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Russian military leaders have expressed concern about US plans
for a national missile defense system. Will defense technology be
limited by possibilities for a strategic imbalance? Is this just SDI
all over again?
(7804 previous messages)
- 08:05am Aug 9, 2001 EST (#7805
Senate Leader to Challenge Bush on Missile Defense By
ALISON MITCHELL http://www.nytimes.com/2001/08/09/international/09DASC.html
"WASHINGTON, Aug. 8 — Tom Daschle, the Senate majority leader,
plans to continue his challenge to President Bush on missile defense
by accusing the president of taking a "single-minded approach" to
national security, according to an advance text of a speech Mr.
Daschle is to deliver on Thursday.
"The South Dakota Democrat argued in the speech that Mr.
Bush's policies increase the risk of nuclear weapons spreading to
countries that do not now have them and uses money that ought to be
spent on more pressing security threats.
"Mr. Daschle's remarks, to be made in a speech to the Woodrow
Wilson Center , are part of an effort by prominent Democrats to
portray Mr. Bush as a unilateralist. They set the stage for a
struggle in September when Senate committees, under the control of
Democrats, begin considering Mr. Bush's request for $343.3 billion
for military programs for the new fiscal year, including $8.3
billion for missile defense.
"Trying to paint Democrats as more responsive than Mr. Bush to
the broader needs of the American military, Mr. Daschle said the
$8.3 billion would represent a 57 percent increase for missile
defense, at the expense of other security programs.
"We support an increase in both the Pentagon budget and in
missile defense," he said, according to an advance text of the
speech. "But a 57 percent increase this year — along with the
prospect of hundreds of billions of dollars in future years — would
cannibalize the personnel and force structure that deal with the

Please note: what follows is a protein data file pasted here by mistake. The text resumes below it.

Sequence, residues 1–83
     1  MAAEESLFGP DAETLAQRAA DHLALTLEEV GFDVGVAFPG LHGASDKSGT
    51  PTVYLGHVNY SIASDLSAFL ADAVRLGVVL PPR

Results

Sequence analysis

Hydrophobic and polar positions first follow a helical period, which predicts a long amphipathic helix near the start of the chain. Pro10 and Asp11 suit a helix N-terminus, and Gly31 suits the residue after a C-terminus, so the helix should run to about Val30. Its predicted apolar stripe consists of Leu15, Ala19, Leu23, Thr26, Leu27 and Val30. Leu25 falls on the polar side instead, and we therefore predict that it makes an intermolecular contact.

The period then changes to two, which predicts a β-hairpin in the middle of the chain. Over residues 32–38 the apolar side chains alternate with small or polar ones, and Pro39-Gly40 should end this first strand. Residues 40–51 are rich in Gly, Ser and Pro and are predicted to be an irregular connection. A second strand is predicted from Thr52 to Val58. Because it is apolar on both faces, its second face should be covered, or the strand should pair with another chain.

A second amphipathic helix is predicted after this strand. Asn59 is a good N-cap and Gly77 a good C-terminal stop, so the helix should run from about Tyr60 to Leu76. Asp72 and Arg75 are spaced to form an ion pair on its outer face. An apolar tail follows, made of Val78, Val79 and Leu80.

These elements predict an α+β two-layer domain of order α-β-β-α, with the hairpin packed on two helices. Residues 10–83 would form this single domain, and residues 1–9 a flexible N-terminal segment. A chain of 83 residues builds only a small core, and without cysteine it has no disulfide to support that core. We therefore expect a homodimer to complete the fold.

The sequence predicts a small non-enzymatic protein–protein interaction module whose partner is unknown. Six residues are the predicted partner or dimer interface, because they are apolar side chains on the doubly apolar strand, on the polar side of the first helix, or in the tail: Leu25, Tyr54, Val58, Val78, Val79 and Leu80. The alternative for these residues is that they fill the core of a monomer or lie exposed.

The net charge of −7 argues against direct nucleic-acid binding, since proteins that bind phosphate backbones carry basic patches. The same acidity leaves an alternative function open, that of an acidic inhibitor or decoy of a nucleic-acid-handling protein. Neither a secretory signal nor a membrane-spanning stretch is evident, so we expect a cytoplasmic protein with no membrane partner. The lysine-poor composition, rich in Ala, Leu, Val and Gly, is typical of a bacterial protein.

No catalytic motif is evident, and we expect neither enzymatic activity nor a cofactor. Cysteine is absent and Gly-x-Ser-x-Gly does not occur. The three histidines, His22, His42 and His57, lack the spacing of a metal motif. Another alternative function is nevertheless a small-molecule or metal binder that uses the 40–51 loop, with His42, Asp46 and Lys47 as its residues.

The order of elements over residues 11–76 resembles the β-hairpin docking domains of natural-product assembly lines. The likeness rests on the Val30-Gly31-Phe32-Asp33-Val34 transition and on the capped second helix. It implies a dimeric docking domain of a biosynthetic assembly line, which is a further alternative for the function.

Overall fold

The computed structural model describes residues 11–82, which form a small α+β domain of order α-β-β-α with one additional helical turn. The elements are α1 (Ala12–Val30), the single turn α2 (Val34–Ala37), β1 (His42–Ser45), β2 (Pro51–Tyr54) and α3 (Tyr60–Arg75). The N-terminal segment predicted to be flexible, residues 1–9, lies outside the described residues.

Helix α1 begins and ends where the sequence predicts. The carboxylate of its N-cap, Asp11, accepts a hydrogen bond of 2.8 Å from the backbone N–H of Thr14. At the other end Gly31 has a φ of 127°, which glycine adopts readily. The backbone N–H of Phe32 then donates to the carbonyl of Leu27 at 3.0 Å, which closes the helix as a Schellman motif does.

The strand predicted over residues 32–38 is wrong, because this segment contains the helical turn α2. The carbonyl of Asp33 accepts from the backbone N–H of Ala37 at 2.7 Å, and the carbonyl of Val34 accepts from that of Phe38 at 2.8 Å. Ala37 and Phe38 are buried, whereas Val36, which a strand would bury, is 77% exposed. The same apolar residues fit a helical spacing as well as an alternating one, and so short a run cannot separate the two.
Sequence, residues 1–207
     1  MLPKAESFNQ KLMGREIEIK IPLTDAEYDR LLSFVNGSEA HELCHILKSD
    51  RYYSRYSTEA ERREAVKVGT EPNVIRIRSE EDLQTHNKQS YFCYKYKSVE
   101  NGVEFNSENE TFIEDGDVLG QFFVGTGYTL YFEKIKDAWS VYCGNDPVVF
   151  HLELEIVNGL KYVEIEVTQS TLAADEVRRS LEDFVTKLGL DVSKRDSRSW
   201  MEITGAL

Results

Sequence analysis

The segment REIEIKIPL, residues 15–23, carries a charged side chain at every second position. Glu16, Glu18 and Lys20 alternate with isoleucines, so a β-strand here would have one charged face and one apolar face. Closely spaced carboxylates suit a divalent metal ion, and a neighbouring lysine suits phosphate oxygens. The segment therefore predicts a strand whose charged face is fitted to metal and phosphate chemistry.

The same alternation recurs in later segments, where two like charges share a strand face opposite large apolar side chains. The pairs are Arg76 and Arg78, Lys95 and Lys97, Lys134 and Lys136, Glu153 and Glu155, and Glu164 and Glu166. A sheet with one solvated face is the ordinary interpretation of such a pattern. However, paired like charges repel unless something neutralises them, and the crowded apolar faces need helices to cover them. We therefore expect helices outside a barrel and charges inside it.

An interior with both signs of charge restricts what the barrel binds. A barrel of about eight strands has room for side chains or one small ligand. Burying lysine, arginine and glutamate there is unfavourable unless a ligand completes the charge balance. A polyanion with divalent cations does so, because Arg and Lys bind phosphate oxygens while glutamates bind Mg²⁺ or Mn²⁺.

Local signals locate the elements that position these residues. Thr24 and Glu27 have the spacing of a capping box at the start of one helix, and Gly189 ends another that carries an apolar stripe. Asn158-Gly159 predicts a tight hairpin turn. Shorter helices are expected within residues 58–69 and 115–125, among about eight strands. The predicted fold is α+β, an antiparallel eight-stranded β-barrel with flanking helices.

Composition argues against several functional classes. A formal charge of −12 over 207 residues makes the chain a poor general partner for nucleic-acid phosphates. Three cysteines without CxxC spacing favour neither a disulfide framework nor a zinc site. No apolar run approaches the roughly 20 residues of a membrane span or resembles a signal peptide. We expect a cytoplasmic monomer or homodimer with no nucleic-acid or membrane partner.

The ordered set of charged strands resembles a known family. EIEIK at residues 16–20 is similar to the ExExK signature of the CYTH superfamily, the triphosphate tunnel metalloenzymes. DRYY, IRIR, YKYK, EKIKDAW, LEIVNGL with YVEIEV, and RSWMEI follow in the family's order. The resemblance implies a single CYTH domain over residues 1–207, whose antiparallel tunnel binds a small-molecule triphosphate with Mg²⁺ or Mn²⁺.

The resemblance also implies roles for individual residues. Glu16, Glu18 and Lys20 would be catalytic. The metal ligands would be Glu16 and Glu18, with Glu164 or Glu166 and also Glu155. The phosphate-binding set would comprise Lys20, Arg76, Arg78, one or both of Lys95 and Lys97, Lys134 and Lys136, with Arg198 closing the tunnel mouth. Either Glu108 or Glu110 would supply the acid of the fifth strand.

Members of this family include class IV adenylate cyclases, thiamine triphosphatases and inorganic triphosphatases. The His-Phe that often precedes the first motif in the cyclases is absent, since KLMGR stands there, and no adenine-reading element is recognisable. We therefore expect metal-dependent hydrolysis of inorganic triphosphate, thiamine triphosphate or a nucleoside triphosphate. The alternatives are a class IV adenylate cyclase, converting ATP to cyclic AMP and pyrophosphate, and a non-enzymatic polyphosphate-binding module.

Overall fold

threats we are likely to face."
"Last month Mr. Daschle, who as the Senate majority leader is
now the most powerful Democrat in Washington, was rebuked by the
White House for calling Mr. Bush's foreign policy isolationist just
as the president was embarking on an overseas trip. Republicans
accused Mr. Daschle of ignoring the maxim that "politics stops at
the water's edge.
"But Mr. Daschle has not backed off. Noting that the
administration has recently found fault with six international
agreements, he said, "Instead of asserting our leadership, we are
"With the cold war over, he argued, "Fear of a common enemy no
longer keeps our allies by our side. Our allies will follow us only
if we use our unparalleled strength and prosperity to advance common
interests. Only then will our power inspire respect instead of
"As Democrats have stepped up such charges, the president's
senior advisers have replied that the administration would apply the
standard of American national interest in determining whether to
support or reject international accords.
"In the case of global warming, administration officials say,
for example, that the pact would endanger the American economy and
harm global financial health. On relations with Russia, the
administration has stated that the 1972 Antiballistic Missile Treaty
is outdated and stands in the way of coupling historic reductions in
nuclear arsenals with a new defense against ballistic missiles.
"While Mr. Daschle said in the text of his speech that
Democrats could under "the right circumstances," support a limited
missile defense system, he accused Mr. Bush of putting far too much
emphasis on a defense shield and of looking at complex relationships
with Russia and China through the distorting prism of missile
""What else could explain for example, President Bush's
personal embrace of Russia's president Vladimir Putin — while
avoiding any public mention of Putin's crackdown on Russia's free
press and their continuing atrocities in Chechnya?" he said.
- 08:06am Aug 9, 2001 EST (#7806
"Setting the stage for a battle over Pentagon priorities, Mr.
Daschle described the chief threats to the United States as coming
not from intercontinental ballistic missiles, but from "biological
and chemical weapons and bombs that could be smuggled in a cargo
container, bus or backpack" as well as attacks on such
infrastructure as computer systems.
""National missile defense," Mr. Daschle said, "is the most
expensive possible response to the least likely threat we face."
"His speech cited a list of tradeoffs that could be made if
Congress provides the missile defense program with only a 10 percent
increase in the next fiscal year, freeing up $2.5 billion for other
programs that he says will address "more imminent, more immediate
"Among his recommendations were restored funding to help
Russia control and destroy nuclear weapons, training for emergency
workers to deal with chemical or biological attack, an increased
counterterrorism budget, reinforced border patrols, increased
research into cruise missile defense, and funding to help control
North Korea's nuclear fuel production and re-engage it on ending its
""These are all here and now threats," he said, "and we could
fund all of these programs at levels necessary to start addressing
them without shortchanging our troops, the weapons systems they rely
on or missile defense."
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